Japan Air Pollution

Japan’s air pollution problem has continued being a challenge to the government, despite rigorous laws trying to reduce pollution from its various sources. The problem isn’t just in Japan, air pollution is a worldwide problem that’s impacting plant and animal life everywhere. Air quality needs to be higher on the list of environmental actions to take so that everyone can have clean, fresh air.

Images of Japan often include stunning mountain ranges, delicate Zen gardens with bonsai trees, and architecturally beautiful cities. A stark contrast to these tranquil images is the fact that air quality is a huge issue for Japan. Japan air pollution has been dangerously high in the past but in recent years, Japan has become a world leader in pollution-control technologies.

As industry and modernization in Japan have progressed, high levels of toxic gases which are emitted into the atmosphere threaten Japan’s air quality, water quality, and the size of Japan’s forests. These toxic gases mostly come from energy consumption and vehicle carbon emissions. Clearly, Japan recognizes the importance of controlling air pollution and has imposed governmental programs and standards to improve the quality of Japan’s air.

  • The Air Pollution Control Law, most recently amended in 1996, was originally enacted in 1968. The purpose of the 1968 law was to implement air quality monitoring systems and to develop emissions standards for both industry and automobiles. Despite the fact that automobiles are a major cause of Japan’s air pollution, these emission controls, coupled with laws aimed at reducing traffic congestion, have not been successful in decreasing traffic. Surprisingly, the percent of private cars on the roads as compared to mass transit trains has increased in recent years. As a result, the level of automobile emissions has increased and Japan’s air quality is still very poor.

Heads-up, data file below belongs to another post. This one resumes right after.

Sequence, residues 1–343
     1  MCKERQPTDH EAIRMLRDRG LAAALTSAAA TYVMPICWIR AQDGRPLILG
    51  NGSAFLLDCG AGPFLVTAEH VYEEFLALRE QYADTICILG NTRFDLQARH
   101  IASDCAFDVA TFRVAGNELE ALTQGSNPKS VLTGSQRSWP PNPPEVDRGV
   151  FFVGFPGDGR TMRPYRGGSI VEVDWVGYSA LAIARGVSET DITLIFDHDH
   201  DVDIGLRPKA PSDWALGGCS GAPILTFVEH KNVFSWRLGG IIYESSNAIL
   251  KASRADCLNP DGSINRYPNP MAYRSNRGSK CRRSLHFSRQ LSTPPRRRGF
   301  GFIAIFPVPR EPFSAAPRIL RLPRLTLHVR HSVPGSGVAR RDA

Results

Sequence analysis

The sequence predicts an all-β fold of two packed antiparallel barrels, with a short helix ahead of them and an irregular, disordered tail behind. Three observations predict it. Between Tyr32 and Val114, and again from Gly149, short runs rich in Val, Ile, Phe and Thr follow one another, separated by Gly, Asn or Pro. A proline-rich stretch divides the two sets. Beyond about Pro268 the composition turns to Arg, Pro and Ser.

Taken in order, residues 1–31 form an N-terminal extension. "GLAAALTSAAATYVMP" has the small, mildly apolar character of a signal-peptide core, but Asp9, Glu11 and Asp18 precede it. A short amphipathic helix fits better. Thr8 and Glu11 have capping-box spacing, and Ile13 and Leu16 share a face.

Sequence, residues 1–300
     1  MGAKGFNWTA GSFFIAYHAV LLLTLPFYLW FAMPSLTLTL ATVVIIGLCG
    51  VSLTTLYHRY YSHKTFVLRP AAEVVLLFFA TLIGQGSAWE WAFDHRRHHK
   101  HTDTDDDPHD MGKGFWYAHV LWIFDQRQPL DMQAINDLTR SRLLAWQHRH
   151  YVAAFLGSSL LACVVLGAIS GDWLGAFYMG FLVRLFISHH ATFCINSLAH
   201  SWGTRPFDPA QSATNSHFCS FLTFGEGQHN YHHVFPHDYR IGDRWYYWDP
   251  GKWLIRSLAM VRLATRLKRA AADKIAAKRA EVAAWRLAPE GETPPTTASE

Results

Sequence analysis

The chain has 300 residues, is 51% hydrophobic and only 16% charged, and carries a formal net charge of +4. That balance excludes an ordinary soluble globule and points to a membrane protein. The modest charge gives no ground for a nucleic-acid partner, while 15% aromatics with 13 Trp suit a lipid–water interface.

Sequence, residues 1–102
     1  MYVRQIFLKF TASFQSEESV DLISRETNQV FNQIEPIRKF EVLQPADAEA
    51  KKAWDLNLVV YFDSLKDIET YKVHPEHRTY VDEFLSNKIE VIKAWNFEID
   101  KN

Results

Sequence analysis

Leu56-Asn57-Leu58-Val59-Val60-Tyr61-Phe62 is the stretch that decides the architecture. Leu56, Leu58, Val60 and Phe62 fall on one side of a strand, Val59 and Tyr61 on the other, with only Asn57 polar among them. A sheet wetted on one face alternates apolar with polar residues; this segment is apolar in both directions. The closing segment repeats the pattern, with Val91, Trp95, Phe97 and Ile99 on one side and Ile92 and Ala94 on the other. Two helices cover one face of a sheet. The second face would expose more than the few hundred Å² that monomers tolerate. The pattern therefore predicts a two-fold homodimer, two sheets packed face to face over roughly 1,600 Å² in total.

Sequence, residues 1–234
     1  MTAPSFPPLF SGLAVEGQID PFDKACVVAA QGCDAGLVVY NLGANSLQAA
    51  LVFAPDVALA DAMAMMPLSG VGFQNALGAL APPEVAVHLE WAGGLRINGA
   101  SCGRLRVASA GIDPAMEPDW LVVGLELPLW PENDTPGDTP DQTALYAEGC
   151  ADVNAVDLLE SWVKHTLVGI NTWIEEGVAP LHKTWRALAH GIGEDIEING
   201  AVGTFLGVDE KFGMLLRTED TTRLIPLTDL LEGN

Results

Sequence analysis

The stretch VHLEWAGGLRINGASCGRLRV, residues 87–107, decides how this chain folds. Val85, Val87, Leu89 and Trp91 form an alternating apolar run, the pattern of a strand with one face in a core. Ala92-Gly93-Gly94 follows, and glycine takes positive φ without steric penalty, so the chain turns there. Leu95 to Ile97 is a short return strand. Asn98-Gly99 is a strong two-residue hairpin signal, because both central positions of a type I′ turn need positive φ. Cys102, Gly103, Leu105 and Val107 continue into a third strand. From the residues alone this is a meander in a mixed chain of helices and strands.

• In the past few years, Japan has increased its focus on developing and implementing pollution control technologies and innovations that are energy efficient. For a country that is steeped in tradition, the Japanese government’s new environmentally sound policies are markedly different than its previous approach to economic development, which was implemented without regard to the effect on the environment.

Despite efforts to improve air pollution in Japan, Japan’s economic growth has resulted in more energy being consumed each day. Economic growth has translated to more traffic, more electricity use, more waste, and more air pollution. In response, the Japanese government is trying to reduce overall energy consumption by offering economic incentives and encouraging the use of non-polluting energy sources. If Japan can expand its nuclear power generation as described in Japan’s 2002 10-year energy plan, 9 12 new nuclear power plants will be built by 2010. Not only would nuclear energy help decrease carbon emissions, but would also reduce Japan’s reliance on other countries for energy.

Another negative impact on Japan’s air quality is the poor air quality in the Asian nations surrounding Japan. Japan is concerned about environmental issues not only throughout Asia but also throughout the entire world. As such, Japan is an active member of the international community committed to resolve these common issues. Japan’s air pollution is recognized not just as a Japanese problem but a global problem that needs to be addressed on an international level. No country can be blamed for all the pollution in the atmosphere, which means that countries need to work in harmony to solve a problem that impacts the entire earth.

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